What you come to realize is that this is an outgrowth of the cultures created by the two different versions of Christianity (and it doesn’t matter how devout people within these countries may now be about their faith; religions shape cultures over time in ways that we often don’t realize). Catholicism is about the collective, the group, the family, and adhering to the church principles as handed down to the minions from a sole authority. The religious culture thus has always had a built-in dynamic that discourages individuality and personal pronouncements – such as “coming out” as gay -- even as people secretly engage in gay sex. Historically, there was no need for the state in such countries to ban homosexuality, because Catholicism and religion did enough to discourage gay people from going public. The paradox is that, with no laws actually criminalizing homosexuality – and no discussion of it at all – there is often a disorganized gay movement in such places. It all stays vastly underground, along with all other types of transgressions, like heterosexual marital infidelity, which is common and winked at in Italy, France and Spain , even though it is never, ever acknowledged or publicly accepted. The rule of thumb is: Do whatever you want, just don’t talk about it, and just keep upholding “the family” as primary.
In Protestantism, however, the focus is on individualism – having a relationship to God in your own unique way – and thus the entire culture embraces a “do your own thing” mentality and encourages people to speak publicly about their personal struggles. This ultimately fosters self-empowerment movements such as feminism and gay rights in countries that are largely Protestant – and it fosters the idea of coming out of the closet. The state in such countries often responded, long before such movements could even congeal, by crafting laws to control sexual behavior. This, in turn, has had people organizing fiercely and publicly to fight for their rights, and stressing the importance of “gay visibility.”
But there is, perhaps, an upside to how homosexuality plays out in Catholic culture. Because the family is paramount, when and if people do come out in such countries -- and that is a big if – families may react with anger, but often in the end they accept and love the gay family member, as the family and keeping it together, as per what Catholic culture espouses, is more important than anything. In Spain, same-sex marriage became increasingly more acceptable to the public largely because its promoters appealed to people’s Catholic sense of “family” and their desire to include their gay brothers and sisters in their lives, even if homosexuality itself is "sinful". Prime Minister Jose Luis Rodriguez Zapatero, who spearheaded the same-sex marriage legislation, often talked about “family” and the people we all “love” when he discussed the issue. In his speech to Parliament in June he said: “We are not legislating, honorable members, for people far away and not known by us. We are enlarging the opportunity for happiness to our neighbors, our co-workers, our friends and, our families: at the same time we are making a more decent society, because a decent society is one that does not humiliate its members.”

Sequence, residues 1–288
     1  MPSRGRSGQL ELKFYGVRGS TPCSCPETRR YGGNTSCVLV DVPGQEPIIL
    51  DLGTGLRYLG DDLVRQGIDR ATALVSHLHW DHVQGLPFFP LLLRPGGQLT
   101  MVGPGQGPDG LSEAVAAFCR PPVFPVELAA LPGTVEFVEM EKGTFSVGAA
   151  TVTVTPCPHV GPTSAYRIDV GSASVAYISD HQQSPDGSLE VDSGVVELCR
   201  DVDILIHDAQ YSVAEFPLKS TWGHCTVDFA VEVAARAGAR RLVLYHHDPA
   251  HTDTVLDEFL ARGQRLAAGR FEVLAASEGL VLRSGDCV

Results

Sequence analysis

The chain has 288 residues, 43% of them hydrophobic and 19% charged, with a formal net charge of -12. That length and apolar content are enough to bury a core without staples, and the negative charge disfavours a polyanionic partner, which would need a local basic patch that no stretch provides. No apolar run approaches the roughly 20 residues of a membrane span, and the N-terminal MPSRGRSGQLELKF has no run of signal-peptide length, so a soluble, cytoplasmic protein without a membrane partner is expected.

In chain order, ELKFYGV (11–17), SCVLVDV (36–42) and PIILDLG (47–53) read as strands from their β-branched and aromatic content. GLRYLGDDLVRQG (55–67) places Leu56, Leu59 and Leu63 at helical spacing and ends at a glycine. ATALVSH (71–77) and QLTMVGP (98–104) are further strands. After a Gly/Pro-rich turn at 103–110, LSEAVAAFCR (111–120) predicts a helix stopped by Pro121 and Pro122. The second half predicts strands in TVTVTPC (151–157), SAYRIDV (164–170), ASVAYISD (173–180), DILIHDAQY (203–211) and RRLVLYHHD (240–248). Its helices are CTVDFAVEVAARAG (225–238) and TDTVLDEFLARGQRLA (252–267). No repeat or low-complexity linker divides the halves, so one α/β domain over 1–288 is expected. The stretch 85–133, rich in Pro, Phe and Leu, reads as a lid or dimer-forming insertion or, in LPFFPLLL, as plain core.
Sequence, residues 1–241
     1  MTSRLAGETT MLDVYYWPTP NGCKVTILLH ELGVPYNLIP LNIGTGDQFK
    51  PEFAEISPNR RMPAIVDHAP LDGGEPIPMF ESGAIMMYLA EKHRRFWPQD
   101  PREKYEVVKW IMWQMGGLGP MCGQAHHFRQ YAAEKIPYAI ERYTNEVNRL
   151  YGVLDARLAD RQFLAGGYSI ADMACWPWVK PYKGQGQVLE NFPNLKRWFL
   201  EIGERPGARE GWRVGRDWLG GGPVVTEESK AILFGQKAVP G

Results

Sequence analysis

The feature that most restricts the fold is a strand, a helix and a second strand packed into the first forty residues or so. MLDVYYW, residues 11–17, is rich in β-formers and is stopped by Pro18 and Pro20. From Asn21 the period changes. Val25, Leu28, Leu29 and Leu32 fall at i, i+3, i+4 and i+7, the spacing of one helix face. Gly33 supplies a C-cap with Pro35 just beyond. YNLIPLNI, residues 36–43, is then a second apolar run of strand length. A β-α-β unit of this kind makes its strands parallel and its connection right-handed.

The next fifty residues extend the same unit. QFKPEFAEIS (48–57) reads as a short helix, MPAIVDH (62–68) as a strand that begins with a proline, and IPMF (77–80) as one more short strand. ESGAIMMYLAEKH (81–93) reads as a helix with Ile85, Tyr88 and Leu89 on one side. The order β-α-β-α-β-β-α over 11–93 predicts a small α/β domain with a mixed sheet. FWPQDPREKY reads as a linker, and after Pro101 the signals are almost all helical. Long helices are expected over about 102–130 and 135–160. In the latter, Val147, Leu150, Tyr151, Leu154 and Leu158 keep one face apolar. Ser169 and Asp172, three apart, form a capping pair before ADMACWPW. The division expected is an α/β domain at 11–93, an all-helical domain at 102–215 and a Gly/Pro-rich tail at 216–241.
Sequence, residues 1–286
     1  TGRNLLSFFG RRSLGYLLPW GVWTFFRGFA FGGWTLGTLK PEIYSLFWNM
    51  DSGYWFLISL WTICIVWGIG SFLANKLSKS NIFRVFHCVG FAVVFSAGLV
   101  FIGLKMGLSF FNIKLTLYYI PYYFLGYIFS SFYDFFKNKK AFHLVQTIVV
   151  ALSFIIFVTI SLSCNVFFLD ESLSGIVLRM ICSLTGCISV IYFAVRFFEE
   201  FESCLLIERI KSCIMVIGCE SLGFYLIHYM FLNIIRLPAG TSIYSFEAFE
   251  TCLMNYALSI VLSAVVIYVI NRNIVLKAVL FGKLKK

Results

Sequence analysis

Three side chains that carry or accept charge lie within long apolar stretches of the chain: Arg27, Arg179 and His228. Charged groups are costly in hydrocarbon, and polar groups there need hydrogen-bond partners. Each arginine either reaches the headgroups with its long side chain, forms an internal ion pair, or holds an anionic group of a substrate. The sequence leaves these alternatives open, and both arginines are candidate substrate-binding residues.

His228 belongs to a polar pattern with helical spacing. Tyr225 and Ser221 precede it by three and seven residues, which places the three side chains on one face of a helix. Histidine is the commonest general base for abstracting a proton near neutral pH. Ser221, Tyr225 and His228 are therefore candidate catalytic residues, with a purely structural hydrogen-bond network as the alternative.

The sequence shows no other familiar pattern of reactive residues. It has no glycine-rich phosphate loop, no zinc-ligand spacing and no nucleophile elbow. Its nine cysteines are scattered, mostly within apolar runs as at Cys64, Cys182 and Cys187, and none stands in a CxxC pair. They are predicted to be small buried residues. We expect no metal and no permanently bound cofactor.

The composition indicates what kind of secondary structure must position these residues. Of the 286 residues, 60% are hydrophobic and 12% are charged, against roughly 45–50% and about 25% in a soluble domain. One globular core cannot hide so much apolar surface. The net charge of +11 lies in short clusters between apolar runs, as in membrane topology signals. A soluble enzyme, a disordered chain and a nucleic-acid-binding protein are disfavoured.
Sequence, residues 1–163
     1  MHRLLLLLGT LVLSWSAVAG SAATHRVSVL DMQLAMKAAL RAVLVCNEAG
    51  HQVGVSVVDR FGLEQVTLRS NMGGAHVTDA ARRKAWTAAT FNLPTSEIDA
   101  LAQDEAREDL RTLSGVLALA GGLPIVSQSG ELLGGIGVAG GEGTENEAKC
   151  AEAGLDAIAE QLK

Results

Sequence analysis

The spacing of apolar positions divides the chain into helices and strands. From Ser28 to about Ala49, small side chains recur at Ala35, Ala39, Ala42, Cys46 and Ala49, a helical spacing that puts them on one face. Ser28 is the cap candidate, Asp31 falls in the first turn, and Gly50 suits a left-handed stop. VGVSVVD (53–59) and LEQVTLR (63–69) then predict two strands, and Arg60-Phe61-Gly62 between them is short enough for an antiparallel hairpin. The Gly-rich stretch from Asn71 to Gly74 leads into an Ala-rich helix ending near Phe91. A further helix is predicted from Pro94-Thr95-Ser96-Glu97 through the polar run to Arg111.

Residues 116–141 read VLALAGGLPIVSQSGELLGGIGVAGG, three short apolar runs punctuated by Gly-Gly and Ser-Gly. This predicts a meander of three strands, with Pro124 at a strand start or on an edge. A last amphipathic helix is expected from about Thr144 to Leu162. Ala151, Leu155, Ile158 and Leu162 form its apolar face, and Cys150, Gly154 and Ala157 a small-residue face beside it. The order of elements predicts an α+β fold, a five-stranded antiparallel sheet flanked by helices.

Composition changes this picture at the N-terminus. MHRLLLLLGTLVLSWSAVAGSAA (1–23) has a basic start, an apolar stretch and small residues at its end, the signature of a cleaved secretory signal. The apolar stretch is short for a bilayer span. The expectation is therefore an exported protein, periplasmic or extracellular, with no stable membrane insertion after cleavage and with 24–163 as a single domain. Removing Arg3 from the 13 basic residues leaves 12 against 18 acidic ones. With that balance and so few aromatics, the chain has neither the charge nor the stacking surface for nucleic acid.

Surely those are Catholic values – the kind of values about family and community that the Church has fostered for centuries – and Zapatero was using them in the service of promoting same-sex marriage, which is of course the Vatican’s worst nightmare. It may be surprising to many people that Spain became the first nation to pass such a sweeping marriage law for gays in such a short period, and without the massive, decades-long protests that it took the gay movement in the U.S. to get as far as it has – which is far short of Spain . But maybe it’s actually because of Catholicism itself, and maybe that means that no matter how much Pope Benedict tries to ban homosexuality worldwide, the very promotion of the values of his faith in fact may be helping gays in the long run, which is a wickedly delicious irony.